All spiritual pursuits owe their origin to the predominant human craving of attaining state of happiness to which human mind is naturally geared. To satisfy this urge, he is ever in search of the ‘realm of happiness’.
He puts in all efforts to amass wealth and with it comes all the material trappings which he thinks would satiate his cravings, but finds happiness elusive and amiss. And, Christ being nailed on the Cross, the Buddha abandoning princely comforts and trudging barefooted the dung-splattered streets of remote villages, Guru Nanak weighing wheat for his employer exhibited enviable equanimity to pursue the path of bliss and happiness.
Two men, both seriously ill, occupied the same hospital ward. One man, his bed next to the room’s only window, was allowed to sit up in his bed for an hour daily to drain the fluids from his lungs. The other man had to spend all his time flat on his back.
The man next to the window would be happy describing all the things he could see outside the window. The ward would be lit up by the semblance of festivity of the outside world.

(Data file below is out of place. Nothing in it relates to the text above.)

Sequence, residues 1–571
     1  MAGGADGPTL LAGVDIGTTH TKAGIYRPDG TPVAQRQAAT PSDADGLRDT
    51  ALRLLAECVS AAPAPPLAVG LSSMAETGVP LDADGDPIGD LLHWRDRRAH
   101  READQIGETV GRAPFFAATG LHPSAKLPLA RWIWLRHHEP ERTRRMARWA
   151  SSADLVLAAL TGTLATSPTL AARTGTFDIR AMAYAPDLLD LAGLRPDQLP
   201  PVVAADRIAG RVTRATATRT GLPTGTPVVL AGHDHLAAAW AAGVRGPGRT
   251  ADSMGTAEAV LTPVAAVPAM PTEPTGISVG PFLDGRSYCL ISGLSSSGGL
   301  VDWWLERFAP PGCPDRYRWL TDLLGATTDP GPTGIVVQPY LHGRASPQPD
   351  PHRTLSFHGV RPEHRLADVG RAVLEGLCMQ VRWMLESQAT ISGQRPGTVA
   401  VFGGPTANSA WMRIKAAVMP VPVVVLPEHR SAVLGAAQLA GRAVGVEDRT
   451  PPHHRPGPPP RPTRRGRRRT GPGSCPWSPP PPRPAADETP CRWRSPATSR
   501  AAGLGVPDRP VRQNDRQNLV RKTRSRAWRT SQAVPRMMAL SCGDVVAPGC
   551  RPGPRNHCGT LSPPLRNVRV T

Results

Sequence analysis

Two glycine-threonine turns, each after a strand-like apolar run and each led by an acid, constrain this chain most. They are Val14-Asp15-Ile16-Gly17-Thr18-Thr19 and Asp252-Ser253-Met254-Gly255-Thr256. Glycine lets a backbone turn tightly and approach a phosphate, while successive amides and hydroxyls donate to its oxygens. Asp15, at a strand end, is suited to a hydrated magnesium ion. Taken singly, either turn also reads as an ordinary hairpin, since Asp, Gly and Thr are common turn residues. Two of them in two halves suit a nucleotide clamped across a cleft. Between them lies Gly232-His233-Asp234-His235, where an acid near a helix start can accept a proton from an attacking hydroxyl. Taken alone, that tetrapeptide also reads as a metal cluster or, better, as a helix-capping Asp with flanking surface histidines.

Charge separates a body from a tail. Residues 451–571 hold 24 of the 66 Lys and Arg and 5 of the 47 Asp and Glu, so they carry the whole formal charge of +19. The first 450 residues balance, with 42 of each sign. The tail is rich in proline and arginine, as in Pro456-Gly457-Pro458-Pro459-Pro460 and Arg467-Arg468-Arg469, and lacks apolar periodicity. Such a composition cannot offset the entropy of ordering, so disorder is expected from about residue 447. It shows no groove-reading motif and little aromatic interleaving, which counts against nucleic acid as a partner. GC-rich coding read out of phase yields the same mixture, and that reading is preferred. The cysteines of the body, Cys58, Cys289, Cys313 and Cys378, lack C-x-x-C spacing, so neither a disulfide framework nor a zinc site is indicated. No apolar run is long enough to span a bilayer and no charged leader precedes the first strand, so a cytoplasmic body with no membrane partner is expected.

“Why should he enjoy the charm of nature of which I am bereft?” Though he felt ashamed, this thought fermented in his mind. He felt jealous. This thought numbed his senses so much that one day, finding none around, he throttled the oxygen pipe of the poor man. The man died.
The hospital staff took no time in disposing of the dead. On his request, the second man was shifted to the vacated bed. He excitedly popped his head outside, only to discover a blank wall with no scintilla of liveliness or festivity. It was positive attitude that lit the deceased’s life as long as it lasted.